An unprecedented policy response, both in swiftness and scale, prevented a more devastating outcome. To give just one example: we estimate that at least 54 million jobs have at some stage been supported by job retention schemes in Europe. This has kept many families and firms afloat in these difficult times. EU-wide policies also made a difference. Risks remain significant and are rising as a second wave of infections is intensifying. Given the considerable uncertainty, policies must stay resolutely supportive to sustain the recovery. Watch the press briefing, read the blog, and access the full report.


The Asia-Pacific region is recovering from its worst recession in living memory. Our latest Regional Economic Outlook shows that a recovery started in the third quarter, but growth engines are not all firing with the same power across countries, leading to a multispeed recovery.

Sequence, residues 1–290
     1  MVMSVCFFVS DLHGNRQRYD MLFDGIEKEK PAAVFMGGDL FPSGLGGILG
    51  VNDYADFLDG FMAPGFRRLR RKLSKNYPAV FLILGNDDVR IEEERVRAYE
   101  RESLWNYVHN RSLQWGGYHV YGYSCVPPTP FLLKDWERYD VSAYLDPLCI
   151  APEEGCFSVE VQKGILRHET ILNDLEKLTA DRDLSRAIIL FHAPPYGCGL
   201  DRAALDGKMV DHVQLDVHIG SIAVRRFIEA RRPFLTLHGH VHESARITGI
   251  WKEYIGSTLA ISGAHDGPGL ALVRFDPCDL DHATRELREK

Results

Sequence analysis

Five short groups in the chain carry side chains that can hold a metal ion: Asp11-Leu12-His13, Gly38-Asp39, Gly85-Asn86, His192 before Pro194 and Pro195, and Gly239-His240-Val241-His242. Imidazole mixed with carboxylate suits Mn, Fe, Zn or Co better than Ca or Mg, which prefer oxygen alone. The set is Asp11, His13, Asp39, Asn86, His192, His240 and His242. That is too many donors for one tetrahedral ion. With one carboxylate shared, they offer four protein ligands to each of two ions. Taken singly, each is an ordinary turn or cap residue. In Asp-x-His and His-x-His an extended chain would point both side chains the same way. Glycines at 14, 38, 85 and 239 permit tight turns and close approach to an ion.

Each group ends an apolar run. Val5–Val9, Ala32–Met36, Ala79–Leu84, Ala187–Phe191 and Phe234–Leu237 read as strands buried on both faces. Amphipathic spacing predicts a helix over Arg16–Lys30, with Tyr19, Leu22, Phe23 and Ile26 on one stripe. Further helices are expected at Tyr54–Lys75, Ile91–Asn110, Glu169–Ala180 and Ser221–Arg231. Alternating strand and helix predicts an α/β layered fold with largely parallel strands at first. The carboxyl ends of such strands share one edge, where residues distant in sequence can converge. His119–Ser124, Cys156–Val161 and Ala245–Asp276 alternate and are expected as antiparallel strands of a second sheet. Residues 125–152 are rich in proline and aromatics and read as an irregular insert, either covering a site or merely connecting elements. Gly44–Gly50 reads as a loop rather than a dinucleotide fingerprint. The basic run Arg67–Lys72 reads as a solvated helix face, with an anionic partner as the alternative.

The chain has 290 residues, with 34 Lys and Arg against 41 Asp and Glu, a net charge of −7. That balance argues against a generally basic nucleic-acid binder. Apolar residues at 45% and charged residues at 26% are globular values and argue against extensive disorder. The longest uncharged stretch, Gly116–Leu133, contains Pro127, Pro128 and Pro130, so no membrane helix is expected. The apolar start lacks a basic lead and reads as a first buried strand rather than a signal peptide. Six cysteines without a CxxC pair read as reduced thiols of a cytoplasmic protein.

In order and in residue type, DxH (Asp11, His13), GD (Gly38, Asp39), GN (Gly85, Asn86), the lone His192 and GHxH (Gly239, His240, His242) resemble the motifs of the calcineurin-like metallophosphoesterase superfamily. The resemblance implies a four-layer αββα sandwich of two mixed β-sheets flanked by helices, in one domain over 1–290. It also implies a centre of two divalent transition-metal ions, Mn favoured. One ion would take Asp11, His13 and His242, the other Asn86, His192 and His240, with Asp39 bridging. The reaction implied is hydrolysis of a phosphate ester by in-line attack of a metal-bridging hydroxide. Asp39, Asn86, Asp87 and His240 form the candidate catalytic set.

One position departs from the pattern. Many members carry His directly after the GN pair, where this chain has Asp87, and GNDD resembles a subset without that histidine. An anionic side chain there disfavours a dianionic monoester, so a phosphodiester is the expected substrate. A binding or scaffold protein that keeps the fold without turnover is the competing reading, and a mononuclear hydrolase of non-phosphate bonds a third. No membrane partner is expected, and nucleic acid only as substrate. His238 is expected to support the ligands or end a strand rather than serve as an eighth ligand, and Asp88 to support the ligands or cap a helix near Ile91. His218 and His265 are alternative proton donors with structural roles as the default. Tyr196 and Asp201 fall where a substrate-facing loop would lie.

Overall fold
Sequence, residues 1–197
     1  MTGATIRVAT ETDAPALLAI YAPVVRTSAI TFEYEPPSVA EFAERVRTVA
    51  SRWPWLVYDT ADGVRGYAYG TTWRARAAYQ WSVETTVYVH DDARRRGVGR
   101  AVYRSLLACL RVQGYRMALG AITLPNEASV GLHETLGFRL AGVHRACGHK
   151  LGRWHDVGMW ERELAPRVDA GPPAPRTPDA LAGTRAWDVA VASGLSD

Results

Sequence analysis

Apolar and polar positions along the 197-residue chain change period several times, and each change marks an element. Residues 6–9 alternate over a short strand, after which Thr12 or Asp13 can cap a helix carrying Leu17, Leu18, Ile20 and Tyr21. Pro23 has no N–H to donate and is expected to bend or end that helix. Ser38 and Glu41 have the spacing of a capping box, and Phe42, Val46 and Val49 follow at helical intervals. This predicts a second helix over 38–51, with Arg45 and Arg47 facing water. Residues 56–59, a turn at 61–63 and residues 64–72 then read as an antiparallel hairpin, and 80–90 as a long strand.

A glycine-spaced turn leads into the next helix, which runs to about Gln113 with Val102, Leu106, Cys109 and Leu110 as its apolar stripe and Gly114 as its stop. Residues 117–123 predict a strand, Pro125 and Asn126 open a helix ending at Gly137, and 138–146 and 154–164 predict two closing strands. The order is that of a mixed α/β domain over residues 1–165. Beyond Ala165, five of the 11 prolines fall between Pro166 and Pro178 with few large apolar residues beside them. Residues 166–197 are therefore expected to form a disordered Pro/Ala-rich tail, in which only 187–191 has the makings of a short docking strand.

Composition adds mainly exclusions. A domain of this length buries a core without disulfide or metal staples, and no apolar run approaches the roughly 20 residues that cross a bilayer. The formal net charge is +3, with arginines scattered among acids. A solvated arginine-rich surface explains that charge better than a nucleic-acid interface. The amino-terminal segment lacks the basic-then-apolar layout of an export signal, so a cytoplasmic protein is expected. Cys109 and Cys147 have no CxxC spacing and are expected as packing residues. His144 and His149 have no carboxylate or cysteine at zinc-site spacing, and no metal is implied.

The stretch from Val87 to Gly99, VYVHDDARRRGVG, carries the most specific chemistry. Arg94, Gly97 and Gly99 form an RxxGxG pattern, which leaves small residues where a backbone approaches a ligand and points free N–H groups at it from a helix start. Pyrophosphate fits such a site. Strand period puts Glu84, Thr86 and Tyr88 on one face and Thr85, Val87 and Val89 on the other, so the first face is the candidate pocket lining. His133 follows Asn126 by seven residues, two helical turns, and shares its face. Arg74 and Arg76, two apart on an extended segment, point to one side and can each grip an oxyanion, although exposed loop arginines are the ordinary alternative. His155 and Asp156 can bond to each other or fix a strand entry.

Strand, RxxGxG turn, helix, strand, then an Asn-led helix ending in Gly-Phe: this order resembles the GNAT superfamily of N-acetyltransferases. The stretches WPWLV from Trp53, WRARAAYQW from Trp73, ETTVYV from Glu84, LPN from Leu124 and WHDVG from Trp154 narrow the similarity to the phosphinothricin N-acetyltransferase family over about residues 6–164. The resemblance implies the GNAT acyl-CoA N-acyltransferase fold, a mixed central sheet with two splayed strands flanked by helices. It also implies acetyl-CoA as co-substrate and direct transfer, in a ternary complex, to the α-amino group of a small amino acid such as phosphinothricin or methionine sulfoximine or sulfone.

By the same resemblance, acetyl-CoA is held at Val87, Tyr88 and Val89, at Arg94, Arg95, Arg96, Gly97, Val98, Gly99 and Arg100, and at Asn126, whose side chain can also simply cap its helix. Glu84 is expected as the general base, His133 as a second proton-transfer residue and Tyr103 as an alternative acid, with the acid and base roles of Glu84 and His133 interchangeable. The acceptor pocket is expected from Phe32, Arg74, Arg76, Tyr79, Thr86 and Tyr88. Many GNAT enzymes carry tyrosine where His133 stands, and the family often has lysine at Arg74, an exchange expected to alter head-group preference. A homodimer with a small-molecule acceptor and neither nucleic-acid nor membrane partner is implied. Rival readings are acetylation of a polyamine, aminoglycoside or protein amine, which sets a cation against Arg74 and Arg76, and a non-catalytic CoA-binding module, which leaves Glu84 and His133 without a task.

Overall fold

Reflecting worse-than-expected outturns in the second quarter in a few countries, the IMF’s forecast for the region has been downgraded to -2.2 percent in 2020—the worst outcome for this region in living memory. India’s economy experienced a much sharper than expected contraction in the second quarter—24 percent on a year-over-year basis—and is expected to recover slowly in the coming quarters. China, which suffered the pandemic’s blow earlier than other countries, has seen a strong recovery after the first quarter lockdown, and growth has been revised up to 1.9 percent this year, a rare positive figure in a sea of negatives.